It's a puzzling time for me, as I think over what it was like between Easter 2008, the last time we saw him, and April 10, 2008 when we found him, a mere 18 days, but the difference between life and death, between hope and despair.
Since the last time we saw him, he was in good spirits, relaxed, conversational, in love, and in between, we had contacts that seemed normal and good (unlike some of the hopeless and angry communications I'd had from him between November and early March), we were feeling hopeful for him. He seemed happier than he had in a long time. I don't think that was because he had made up his mind to kill himself and was at peace with the decision, because he was busy making plans . . . to get a job in and move to Orlando, to court the woman he had fallen in love with.
The last text messages I got from him were on April 2nd, a week before he died, when he rescued a huge turtle from the road. He cared enough to do that.
The night before he died, April 8, 2008, he was having a lively real-time email discussion about several subjects, including "the ultimate watch," with a bunch of about five of us.
His brother sent the link to all of us for a YouTube video and thought it was stunning. I replied asking whether he understood the German and Latin, saying it was dark and rather occult. I translated some of the lyrics.
Leif responded that he thought it sounded, "kinda like Rammstein but more techno, less metal. Either way I want it."
Then he began to concentrate on finding out the name of the band and where he could get their music. Leif loved music and bought a lot of it. The last messages he sent, at 8:19 p.m., was that he was contacting iTunes to ask them to get the music from this band so that he could purchase it. He wrote:
Found it. It is a German group called "E Nomine." Here are some of their videos on youtube. Hard to find the music. iTunes does not have it. I just put in a request for iTunes to get it. Amazon does but it's about $35 an album."
With that he sent more YouTube links. Then he disappeared from the conversation. That was the last email I ever got from him. I learned later that his friend Michael had contacted him and wanted to go out together, so Leif spent the rest of the evening with him.
It's still a complete puzzle to me that a man who was conversing like this and contacting iTunes to try to get this music could be planning on taking his life. If he was, why bother with iTunes? If he was not, what made him do it?
These 18 days, and especially April 9th, will always remain a mystery to us.
Sometime near the anniversary of his death I like to go to the cemetery. Peter W. probably would never go if it weren't for me. He always says, "Leif is not here. Leif is with us. He is in the blog." Or something like that. I don't ask him to go with me, but he doesn't like me to go alone, so this year, as in past years, we have combined the drive over the St. Petersburg with another less sorrowful activity and went to a rock, gem and bead show.
This time, as we stood there touching Leif's stone, which is symbolic only, of course, but still draws us, he said again, "We tried to give him everything he needed to succeed in life. We gave him a good family, love, a good home. He was blessed with good looks, intelligence, height. We gave him an education. What went wrong? What was within him?" We will have those questions forever.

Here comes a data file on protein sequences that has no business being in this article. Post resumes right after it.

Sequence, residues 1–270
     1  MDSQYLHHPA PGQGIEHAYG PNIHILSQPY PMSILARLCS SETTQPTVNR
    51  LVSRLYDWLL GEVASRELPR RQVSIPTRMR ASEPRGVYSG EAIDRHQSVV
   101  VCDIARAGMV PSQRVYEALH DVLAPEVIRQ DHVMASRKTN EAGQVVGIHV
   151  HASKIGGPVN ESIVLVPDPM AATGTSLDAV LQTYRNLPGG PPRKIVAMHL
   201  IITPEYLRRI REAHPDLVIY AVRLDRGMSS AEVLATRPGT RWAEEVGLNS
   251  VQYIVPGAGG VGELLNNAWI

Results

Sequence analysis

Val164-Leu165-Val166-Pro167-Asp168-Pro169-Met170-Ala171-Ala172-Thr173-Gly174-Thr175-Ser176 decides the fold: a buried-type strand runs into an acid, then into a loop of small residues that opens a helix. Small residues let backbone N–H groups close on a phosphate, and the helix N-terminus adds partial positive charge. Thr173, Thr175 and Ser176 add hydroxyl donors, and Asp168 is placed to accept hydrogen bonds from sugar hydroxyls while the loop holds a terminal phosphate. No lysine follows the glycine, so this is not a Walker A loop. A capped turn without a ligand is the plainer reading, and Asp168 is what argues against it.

We were struck by how many more of the niches had been filled since the last time we were there, about three months earlier. The WWII veterans are dying rapidly, but there are also many Korean and Vietnam War vets inurned in the past three months.
This time, I also saw niches for two young men who were born a year after Leif and served in the Persian Gulf and Afghanistan. They didn't live much longer than he did, dying in 2012, only 36 years old. I don't know how they died, whether from wounds in battle, illness, an accident, or even a suicide. I feel sad for their parents and family. I do know how they feel.
We also noted that the national cemetery must have a new policy to allow special messages to be engraved on the lower part of the stones. We didn't see any of these until some time after Leif was inurned, and they are poignant and meaningful. Peter W. wondered whether we could still have something added to Leif's stone. I spent some time reading them. Some of them were, "Querida Padre" (beloved father), "Dancing Forever," "Forever Free At Last," "He loved God and Country," "Married 50 Years," "Love of my Life." Spouses can be inurned together. There was even one that read, "Go New York Giants." One that has me wondering was, "He who walked softly."
Usually when we go, there are few others around the grounds, unless it is Memorial or Veteran's Day. That was true on March 31st, but while we were there, one other car pulled up. A man got out and went to one of the newer stones. I had never seen someone else do the same thing I do, particularly a man. He put his head on the stone, his hands on it, and he sobbed his heart out. I felt so sorry for his grief. Something in me wanted to go and just hug him and tell him I understood, but I didn't do it. I didn't do it because I didn't know him or how he would take it, and we are all so alone in our grief. I also thought that perhaps he would not want me to call attention to his private agony.
Perhaps I did wrong to walk away. Perhaps he needed a hug from someone who understood. I will always wonder whether I made the wrong choice. I have almost four years of grief behind me. Whoever it was that he was grieving died not so very long ago and he is only just starting on this journey. I wish him well. I wish them all well. And I wish Leif were here.